In June 2017, the Board of Trustees directed a comprehensive review of all academic and administrative budget lines with the goal of optimizing existing funding, reallocating funding in support of strategic priorities, and building long-term financial sustainability by reviewing the budget of each administrative and academic unit of the College.
The Planning, Budgeting and Assessment Committee (PBAC) has led this process, resulting in several recommendations that I then finalized and shared with faculty and staff in November 2018, as well as with students at an SGA Town Hall. Some of those recommendations included further examination of the viability of under-enrolled academic majors and minors. I then charged the Faculty Curriculum Committee to review these programs and to recommend whether they should be sustained or eliminated.
In April 2019, the Curriculum Committee recommended that all programs be retained. In consultation with Provost Ricker, and based on the data, documents and recommendations from both the PBAC and the Curriculum Committee, I revised my original recommendation and submitted my final recommendation to the Academic Affairs Committee of the Board of Trustees.
My recommendation was that some programs be retained and that some would continue but on conditional status. For the latter, the faculty and provost will work together to increase enrollment in these programs. Such programs will then be reassessed in the 2022-23 academic year.
At their meeting on June 5, 2019, the Academic Affairs Committee reviewed all relevant data and reports and submitted a final recommendation to the Board of Trustees, who per our governance policy, is authorized to both establish and eliminate academic programs.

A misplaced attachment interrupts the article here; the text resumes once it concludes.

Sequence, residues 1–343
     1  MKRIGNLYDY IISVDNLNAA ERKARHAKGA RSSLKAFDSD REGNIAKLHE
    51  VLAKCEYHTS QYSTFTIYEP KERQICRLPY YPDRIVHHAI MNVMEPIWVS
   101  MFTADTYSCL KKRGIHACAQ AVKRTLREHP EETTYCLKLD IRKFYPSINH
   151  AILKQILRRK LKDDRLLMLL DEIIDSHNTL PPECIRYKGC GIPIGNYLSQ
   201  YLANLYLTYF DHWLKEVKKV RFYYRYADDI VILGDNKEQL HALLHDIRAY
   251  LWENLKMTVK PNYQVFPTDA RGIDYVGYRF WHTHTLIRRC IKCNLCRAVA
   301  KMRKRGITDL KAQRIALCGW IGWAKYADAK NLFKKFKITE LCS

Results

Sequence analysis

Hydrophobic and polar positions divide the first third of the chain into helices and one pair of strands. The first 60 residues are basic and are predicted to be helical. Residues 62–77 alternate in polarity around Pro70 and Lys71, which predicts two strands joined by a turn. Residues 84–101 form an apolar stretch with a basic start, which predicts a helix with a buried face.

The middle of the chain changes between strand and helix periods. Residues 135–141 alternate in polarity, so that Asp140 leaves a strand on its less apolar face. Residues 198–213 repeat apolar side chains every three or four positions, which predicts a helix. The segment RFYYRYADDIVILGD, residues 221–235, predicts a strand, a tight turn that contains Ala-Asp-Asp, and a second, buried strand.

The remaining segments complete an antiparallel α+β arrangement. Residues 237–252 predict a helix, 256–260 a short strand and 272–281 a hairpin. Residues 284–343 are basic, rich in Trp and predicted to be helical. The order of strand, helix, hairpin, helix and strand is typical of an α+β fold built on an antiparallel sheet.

The board then voted unanimously to accept the Academic Affairs Committee’s recommendations to eliminate majors in computational science, religion, German, and Latin American studies (which has been combined with Spanish to create the Spanish and Iberian studies program), and the minors in renaissance studies, medieval studies, African studies and American studies.
The African American studies minor was also reviewed, as it had met the PBAC criteria for under-enrollment when the review began; however, enrollment has increased significantly enough since that time such that the board voted to retain this minor.
In addition, the board voted to retain on conditional status the music and philosophy majors, as well as the minors in film studies, theatre/drama and writing.
For the majors being eliminated, there are a combined total of five students currently enrolled. These students will be able to complete their degree as planned. Also, several of the courses will continue to be offered as part of the core or other academic programs. There are no students currently enrolled in the minors being eliminated.
These decisions were very difficult for all involved and for the College as a whole. However, such actions are necessary to ensure the continued vitality and financial stability of Hood. The higher education landscape is shifting dramatically, and cost concerns make it imperative that resources be allocated in the best interest of you and your education. Academic restructuring is a necessary process to keep our programs strong and relevant, thereby making you more successful.
I believe, we are moving Hood forward in a positive direction.
Andrea E. Chapdelaine, Ph.D.